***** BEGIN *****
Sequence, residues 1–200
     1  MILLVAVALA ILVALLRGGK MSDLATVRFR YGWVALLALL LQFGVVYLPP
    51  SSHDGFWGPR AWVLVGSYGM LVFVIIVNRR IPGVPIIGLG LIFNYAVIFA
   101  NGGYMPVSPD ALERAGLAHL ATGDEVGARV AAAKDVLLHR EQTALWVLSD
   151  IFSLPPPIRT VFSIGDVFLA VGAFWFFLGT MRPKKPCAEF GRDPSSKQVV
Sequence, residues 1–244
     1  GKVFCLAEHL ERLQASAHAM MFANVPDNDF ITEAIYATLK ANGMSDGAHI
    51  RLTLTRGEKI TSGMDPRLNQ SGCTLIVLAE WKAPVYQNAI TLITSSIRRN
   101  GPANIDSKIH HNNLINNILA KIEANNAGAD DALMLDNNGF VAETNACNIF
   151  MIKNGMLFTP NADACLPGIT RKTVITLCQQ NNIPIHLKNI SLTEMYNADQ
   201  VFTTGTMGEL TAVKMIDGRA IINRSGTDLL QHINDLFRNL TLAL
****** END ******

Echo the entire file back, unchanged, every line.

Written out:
Sequence, residues 1–200
     1  MILLVAVALA ILVALLRGGK MSDLATVRFR YGWVALLALL LQFGVVYLPP
    51  SSHDGFWGPR AWVLVGSYGM LVFVIIVNRR IPGVPIIGLG LIFNYAVIFA
   101  NGGYMPVSPD ALERAGLAHL ATGDEVGARV AAAKDVLLHR EQTALWVLSD
   151  IFSLPPPIRT VFSIGDVFLA VGAFWFFLGT MRPKKPCAEF GRDPSSKQVV
Sequence, residues 1–244
     1  GKVFCLAEHL ERLQASAHAM MFANVPDNDF ITEAIYATLK ANGMSDGAHI
    51  RLTLTRGEKI TSGMDPRLNQ SGCTLIVLAE WKAPVYQNAI TLITSSIRRN
   101  GPANIDSKIH HNNLINNILA KIEANNAGAD DALMLDNNGF VAETNACNIF
   151  MIKNGMLFTP NADACLPGIT RKTVITLCQQ NNIPIHLKNI SLTEMYNADQ
   201  VFTTGTMGEL TAVKMIDGRA IINRSGTDLL QHINDLFRNL TLAL